Universal Basic Income (UBI) is a type of program in which all people receive a regular sum of money unconditionally, regardless of employment or current wages. Proposed UBI programs vary across the world, allowing different UBI programs to align with both progressive and conservative goals. Several UBI pilot studies have been tried throughout the world, and the interpretations of results vary widely. UBI proponents must consider many questions about logistics, economics, and human behavior: How will UBI be funded? Who will receive the income, every person or every household? Will people stop working or will greater economic stability allow them to better contribute to society? Does UBI even make sense?
UBI benefits are not withdrawn if a person works, so work is not disincentivized. UBI allows people more economic stability to pursue other fulfilling work: entrepreneurship, arts, child-raising, or higher education.
A major criticism to UBI is that providing income to people for free will incentivize them to not work. Less people working will hurt the economy. Less people working will cause more chaos in society, but most importantly, disincentivizing work will deprive people of a purpose in life. Critics of UBI who cite the issue of disincentivized work are mainly concerned that UBI will cause people to stop working permanently.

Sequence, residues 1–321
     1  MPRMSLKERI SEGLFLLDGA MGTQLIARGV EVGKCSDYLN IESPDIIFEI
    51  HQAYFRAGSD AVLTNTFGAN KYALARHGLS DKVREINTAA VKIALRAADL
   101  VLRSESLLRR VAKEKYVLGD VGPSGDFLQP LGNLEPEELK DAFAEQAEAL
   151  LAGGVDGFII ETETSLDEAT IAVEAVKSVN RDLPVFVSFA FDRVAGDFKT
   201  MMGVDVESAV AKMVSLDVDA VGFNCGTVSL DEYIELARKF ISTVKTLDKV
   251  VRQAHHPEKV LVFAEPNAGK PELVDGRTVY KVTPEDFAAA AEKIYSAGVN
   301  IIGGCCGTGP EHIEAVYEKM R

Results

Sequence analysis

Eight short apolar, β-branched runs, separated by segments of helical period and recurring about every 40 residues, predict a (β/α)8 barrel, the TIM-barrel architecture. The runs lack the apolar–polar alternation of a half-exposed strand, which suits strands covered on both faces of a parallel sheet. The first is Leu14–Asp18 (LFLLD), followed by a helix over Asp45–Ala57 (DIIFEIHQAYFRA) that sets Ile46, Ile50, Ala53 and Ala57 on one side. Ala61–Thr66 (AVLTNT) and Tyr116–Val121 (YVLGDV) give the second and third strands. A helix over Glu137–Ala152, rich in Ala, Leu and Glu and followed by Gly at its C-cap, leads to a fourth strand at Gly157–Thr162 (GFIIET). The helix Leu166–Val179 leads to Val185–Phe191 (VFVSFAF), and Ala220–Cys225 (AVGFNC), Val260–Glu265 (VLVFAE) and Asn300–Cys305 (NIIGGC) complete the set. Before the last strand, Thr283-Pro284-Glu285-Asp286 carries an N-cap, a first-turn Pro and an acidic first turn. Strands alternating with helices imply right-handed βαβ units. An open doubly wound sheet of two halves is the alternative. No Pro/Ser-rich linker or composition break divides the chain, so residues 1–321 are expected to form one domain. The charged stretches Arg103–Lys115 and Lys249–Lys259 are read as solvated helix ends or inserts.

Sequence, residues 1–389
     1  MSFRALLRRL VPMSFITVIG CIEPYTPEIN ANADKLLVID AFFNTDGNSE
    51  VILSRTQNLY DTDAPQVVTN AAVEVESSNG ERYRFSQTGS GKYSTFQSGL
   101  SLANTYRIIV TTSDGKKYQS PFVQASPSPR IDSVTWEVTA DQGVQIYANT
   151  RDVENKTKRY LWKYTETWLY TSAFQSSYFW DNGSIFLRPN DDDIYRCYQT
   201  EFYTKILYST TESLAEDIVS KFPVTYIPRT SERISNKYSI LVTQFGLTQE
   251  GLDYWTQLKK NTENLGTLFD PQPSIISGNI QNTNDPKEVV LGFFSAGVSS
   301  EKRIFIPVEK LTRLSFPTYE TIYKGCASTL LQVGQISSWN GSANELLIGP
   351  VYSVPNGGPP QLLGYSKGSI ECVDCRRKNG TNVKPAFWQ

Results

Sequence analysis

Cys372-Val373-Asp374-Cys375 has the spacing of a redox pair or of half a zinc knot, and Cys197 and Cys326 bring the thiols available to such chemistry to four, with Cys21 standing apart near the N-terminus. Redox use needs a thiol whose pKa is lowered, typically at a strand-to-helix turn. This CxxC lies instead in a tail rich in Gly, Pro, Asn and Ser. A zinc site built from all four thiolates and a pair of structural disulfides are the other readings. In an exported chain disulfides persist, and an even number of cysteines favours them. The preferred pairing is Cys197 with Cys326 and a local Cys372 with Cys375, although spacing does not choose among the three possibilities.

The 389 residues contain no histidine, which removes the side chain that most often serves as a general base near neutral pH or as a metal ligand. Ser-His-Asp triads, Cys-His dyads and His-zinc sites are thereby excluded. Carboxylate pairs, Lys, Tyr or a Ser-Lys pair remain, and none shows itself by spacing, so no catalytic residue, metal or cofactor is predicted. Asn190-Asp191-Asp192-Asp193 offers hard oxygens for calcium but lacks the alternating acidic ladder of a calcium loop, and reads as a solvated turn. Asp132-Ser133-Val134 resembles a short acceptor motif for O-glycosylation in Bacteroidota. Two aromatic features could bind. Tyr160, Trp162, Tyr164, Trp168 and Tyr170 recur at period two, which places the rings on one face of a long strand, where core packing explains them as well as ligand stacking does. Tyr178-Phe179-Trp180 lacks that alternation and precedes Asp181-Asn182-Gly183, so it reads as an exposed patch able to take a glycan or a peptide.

UBI does not reduce incentives to work. A conditional welfare system with negative income tax disincentivizes people to work because as a person's income increases, benefits decrease. This system contributes to the poverty trap. Since UBI is unconditional regardless of income, UBI does not discourage work.
Results from preliminary studies to test the effectiveness of UBI suggest that people who received a guaranteed minimum income did not stop working. Instead, part-time employment increased. Another study showed that people pursued work more flexibly and some pursued education. Results from these studies show that people use their guaranteed income to improve their lives and economic positions rather than stop working.
If people find work fulfilling, then a guaranteed minimum income will not cause them to stop working. Instead, UBI allows people to pursue jobs that are more fulfilling even though the job pays less. These jobs could be in entrepreneurship (founding a company, opening a restaurant) or the arts (managing and working at a community theater, organizing community arts programs). Thus, UBI does not affect the labor supply and allows people to pursue more fulfilling lives.
[P1] UBI benefits are not dependent on income level.
[P2] People want to work because work is fulfilling.
[P3] UBI does not disincentivize people to work; it allows people to work more flexibly.
Rejecting the premises
[Rejecting P2] People will always take the easy way out and will choose not to work if income from UBI is enough for them.
The following study by Ionna Marinescu under the Roosevelt Institute explores how unconditional, guaranteed minimum income affected recipients in three experiments.